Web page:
Foreign trade surplus shrinks by 18.1% y/y to EUR458m in Hungary

The foreign trade surplus amounted to EUR458m in August and fell by 18.1% y/y, the statistical office (KSH) reported. The narrowing surplus continued the trend since the beginning of the year after worsening terms of trade and recovering domestic demand started to negatively affect the external trade position. Summer holiday outages of large plants in the automotive industry also contributed to the declining trade surplus by reducing exports. On a cumulative basis, the surplus reached EUR5,592.2m and fell by 16.2% y/y in Jan-Aug.

Export growth picked up noticeably to 10.2% y/y in August and confirmed the earlier industrial data that the impact of the summer holiday plant shutdowns has been overcome. In real terms, export growth also accelerated to 7.3% y/y during the month, which was somewhat stronger than the average performance since the beginning of the year. Expectedly, exports were supported by continued favorable demand from the EU on the back of the positive economic development in Hungary’s main trading partners from the region. Exports to the EU rose by 7.7% y/y in August while exports to non-EU countries also accelerated but to a slower 5.4% y/y growth. In particular, the recovery of export performance was boosted by the car industry – exports of transport equipment and machinery rose by 6.7% y/y after y/y declines in the previous two months. Fuels and energy as well as crude material export growth accelerated noticeably as well.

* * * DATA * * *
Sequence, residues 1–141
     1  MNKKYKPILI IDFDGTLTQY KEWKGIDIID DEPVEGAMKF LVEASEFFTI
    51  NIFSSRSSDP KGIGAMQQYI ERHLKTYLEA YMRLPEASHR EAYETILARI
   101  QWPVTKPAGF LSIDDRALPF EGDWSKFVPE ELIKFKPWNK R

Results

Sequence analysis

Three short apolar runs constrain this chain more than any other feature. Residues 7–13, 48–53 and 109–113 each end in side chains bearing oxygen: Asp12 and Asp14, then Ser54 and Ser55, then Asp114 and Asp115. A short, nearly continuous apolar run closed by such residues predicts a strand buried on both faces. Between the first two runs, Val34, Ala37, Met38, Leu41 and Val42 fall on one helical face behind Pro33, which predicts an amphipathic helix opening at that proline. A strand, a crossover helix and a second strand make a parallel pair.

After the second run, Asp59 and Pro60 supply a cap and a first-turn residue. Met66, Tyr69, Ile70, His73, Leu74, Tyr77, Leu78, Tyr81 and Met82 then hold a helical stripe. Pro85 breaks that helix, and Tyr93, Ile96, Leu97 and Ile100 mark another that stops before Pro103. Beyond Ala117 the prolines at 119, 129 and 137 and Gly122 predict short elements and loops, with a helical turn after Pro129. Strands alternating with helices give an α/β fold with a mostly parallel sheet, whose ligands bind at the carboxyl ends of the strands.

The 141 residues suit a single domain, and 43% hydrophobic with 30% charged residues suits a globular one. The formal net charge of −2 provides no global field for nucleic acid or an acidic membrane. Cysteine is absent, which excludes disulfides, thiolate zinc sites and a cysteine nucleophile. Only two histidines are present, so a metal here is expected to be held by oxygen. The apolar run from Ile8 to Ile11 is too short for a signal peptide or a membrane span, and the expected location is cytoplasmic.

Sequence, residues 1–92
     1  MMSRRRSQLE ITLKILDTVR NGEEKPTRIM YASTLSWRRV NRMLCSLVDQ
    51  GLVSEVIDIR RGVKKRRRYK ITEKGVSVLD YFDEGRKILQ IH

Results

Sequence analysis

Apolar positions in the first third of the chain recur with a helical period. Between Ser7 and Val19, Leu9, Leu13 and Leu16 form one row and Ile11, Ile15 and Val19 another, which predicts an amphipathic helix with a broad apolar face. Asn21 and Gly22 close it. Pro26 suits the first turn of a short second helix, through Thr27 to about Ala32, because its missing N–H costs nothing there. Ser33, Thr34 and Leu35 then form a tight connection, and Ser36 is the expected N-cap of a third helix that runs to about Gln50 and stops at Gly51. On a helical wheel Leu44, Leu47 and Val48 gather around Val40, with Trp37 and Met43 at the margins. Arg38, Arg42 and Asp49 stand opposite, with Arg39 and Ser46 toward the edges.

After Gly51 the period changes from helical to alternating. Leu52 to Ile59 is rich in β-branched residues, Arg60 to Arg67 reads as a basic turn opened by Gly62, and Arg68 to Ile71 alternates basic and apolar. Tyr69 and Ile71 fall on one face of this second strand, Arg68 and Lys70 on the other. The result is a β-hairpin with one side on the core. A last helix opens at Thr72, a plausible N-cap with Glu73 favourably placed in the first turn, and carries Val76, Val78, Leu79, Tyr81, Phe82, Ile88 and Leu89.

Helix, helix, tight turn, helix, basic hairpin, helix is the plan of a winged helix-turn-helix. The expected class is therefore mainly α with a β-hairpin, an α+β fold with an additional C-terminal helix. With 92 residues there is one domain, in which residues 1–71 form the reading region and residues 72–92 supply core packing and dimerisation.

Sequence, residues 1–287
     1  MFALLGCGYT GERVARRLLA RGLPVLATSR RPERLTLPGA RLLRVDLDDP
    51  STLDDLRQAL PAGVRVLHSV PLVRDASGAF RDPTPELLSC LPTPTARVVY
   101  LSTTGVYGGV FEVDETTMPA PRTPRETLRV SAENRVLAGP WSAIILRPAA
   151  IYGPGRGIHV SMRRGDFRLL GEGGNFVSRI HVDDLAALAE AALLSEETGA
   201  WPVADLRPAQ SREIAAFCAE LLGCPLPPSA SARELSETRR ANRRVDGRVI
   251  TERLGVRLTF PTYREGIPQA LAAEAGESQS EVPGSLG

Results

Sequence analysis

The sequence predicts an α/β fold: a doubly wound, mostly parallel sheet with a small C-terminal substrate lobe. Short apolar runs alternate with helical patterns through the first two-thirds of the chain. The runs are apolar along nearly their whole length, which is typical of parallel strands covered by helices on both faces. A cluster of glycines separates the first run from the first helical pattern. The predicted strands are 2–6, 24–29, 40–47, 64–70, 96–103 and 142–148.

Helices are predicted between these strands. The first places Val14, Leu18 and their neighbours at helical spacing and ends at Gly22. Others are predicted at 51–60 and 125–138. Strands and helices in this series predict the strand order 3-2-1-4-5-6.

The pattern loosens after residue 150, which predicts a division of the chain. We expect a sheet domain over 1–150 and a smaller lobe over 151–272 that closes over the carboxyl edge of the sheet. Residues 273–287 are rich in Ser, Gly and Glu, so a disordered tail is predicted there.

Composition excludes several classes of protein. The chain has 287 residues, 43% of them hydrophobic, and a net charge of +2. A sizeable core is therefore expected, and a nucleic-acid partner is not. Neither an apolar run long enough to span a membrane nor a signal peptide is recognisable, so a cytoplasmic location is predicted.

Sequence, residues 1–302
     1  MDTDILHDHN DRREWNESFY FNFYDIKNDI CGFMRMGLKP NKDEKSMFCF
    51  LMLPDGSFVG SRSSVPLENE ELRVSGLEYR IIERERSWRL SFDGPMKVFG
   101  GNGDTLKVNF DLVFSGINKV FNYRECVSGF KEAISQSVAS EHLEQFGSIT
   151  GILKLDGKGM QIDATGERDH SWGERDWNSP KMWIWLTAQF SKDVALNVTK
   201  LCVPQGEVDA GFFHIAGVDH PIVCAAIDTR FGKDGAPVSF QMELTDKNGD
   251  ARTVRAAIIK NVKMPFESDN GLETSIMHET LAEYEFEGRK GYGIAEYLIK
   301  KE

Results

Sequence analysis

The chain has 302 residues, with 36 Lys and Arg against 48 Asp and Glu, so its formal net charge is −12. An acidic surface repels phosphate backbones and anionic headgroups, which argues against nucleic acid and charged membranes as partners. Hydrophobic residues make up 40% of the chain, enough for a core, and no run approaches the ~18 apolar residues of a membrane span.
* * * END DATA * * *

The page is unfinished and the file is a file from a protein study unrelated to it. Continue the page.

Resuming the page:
Real import growth picked up as well to 9.5% y/y in August. We associate the import growth rather with the resumption of car industry activity after the summer holidays and a related increase in input demand. Imports were also boosted by a 12.0% y/y increase in fuel and energy imports, following a contraction in the previous month. The strong increase in energy imports reflected imports of petroleum products and natural gas, the KSH said. It should be noted that energy imports have been strongly volatile so we do not consider their increase as a permanent factor to boost total import growth. We think that the import data still suggested a stable and sustained increase in domestic demand.

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